Chris Bennett’s girlfriend Janet has a condition called Ankylosing Spondylitis, a rare and painful disease that can lead to permanent fusing of the spine. Doctors recommended keeping a symptom log to track how she was feeling while being treated. Chris, being the good boyfriend that he is, wanted to make this process as easy as possible for Janet. Nobody carries around a pen and paper but everyone carries a cell phone. Chris thought, why not track symptoms using SMS and phone calls? Chris and his friend Ilya Orlik built an application to facilitate symptom tracking in just three days using the Twilio API, surprising Janet and many others in the AS community with the results.
The application is called Ankylosing Spondylitis (AS) Journal and it enables any patient to log their symptoms via SMS or a phone call. Additionally, hash tags can be used to record pain levels from 1-10 (e.g. #5) or used to flag a symptom as “ask my doctor” with #ask. With this simple syntax, a lot of information can be captured in a single text message. For example, you could quickly record “Stiffness in lower back #7 #ask” and before your next appointment print out a nicely formatted list of every symptom you logged.
Chris put together a screencast demonstrating how AS Journal works:
For his incredibly useful application of the Twilio API, Chris has won our Anything Goes contest. His prize for winning is a netbook and $100 in Twilio credit. Congratulations Chris!
Try it out yourself
To register, text your symptom (anything) to (727) 697-7990. You will receive a message back with a temporary password to log into http://journal.ankylosing.org/. Once registered, you may text additional symptoms into the same number, call and record a symptom from the phone you registered with, or enter how you’re feeling at the website.
Chris talks about building AS Journal with Twilio
Tell us how you got started building AS Journal with Twilio
CB: I love applying technology to everyday problems, so when my girlfriend’s doctor asked her to keep a log of her symptoms, I immediately thought, “she should be able to do that from her phone.” My developer and I were already familiar with the Twilio API, so we thought, why not whip up a way for Janet to be able to text in her symptoms from anywhere? I punched out the UI in a day, and Ilya coded it in about 3 days. We advertised it to our nearly 1,000 members of http://answers.ankylosing.org/ (a Q&A community I set up for the disease) and got lots of early adopters and great feedback.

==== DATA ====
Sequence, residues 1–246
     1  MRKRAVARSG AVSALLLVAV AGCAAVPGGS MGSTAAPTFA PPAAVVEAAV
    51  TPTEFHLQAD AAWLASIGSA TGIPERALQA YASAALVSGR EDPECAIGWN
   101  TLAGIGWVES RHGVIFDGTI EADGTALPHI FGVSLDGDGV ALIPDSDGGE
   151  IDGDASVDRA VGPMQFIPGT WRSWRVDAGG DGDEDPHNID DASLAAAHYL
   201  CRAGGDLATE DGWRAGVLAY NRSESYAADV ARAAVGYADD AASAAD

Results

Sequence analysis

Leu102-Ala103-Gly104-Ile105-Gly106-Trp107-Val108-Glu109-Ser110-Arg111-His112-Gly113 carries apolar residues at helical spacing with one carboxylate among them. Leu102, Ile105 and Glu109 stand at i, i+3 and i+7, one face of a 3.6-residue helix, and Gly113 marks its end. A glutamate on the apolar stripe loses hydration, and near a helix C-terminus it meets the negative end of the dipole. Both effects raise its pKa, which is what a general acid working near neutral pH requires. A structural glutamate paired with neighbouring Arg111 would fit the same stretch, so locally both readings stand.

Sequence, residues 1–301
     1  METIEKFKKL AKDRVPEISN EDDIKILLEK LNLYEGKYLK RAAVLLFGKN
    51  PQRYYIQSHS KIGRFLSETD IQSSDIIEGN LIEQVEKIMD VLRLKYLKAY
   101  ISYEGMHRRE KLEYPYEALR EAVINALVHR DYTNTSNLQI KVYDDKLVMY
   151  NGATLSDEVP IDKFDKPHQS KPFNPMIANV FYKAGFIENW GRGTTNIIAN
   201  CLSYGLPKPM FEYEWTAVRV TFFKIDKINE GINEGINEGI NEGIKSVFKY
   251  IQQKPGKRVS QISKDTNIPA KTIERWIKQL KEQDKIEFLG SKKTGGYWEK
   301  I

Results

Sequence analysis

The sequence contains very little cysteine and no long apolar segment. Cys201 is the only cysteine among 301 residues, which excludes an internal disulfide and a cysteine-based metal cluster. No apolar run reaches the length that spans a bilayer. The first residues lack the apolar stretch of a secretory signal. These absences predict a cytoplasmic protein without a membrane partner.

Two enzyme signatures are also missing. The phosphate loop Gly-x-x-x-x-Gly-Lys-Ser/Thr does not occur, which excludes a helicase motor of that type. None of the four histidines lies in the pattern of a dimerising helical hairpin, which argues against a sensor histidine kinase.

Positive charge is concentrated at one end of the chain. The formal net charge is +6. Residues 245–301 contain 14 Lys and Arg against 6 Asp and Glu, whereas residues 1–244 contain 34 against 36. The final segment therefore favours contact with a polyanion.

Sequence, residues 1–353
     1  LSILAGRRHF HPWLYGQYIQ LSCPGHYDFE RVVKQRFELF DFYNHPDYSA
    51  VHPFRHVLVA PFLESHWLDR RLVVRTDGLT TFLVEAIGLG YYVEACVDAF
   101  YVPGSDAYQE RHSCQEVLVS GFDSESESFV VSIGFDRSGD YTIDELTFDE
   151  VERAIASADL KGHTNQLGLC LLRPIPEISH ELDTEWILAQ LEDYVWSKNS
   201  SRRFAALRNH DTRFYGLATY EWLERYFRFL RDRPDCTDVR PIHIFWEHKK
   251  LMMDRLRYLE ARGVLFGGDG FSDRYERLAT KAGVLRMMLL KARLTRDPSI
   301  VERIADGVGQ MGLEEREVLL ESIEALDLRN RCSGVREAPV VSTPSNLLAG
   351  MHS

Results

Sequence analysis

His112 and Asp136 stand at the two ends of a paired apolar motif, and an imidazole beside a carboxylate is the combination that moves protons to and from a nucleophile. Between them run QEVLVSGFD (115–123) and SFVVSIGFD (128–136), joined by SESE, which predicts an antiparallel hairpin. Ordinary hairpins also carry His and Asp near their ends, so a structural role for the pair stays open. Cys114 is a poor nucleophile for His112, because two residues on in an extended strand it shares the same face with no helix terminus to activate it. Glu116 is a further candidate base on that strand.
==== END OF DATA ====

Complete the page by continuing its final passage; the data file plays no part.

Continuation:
How are things going? What are your future plans for the application?
CB: Things are going great and we may even expand the concept to other (or all) diseases if the right partner approaches us.
What technologies are you using for AS Journal?
CB: It’s really just a straightforward PHP/MySQL implementation with some AJAX And jQuery thrown in.
How did you get started developing with Twilio?
CB: We started where most people do with Twilio, building a “Hello World” script from the sample PHP code… and then we took off from there. It’s really quite simple to get going, but don’t tell the competition :)
How was the experience of integrating Twilio with your chosen tools and technologies?
CB: In one word: seamless. OK, so there are always some issues to work through. Ours were with tweaking our code to accept and reply to international numbers. Twilio supports them so there’s no issue there. We just didn’t expect to get users from all over the world so quickly. It was just a matter of adapting the code and communicating with our first international users as we went.
Inspired by Chris’ entry, we decided to do an entire contest around Health and Fitness. If you have an idea or an existing application that helps people be healthier and uses Twilio, enter your submission by this Sunday, August 8th at 11:59pm PST for a chance to win a netbook of your own and $100 in Twilio credit.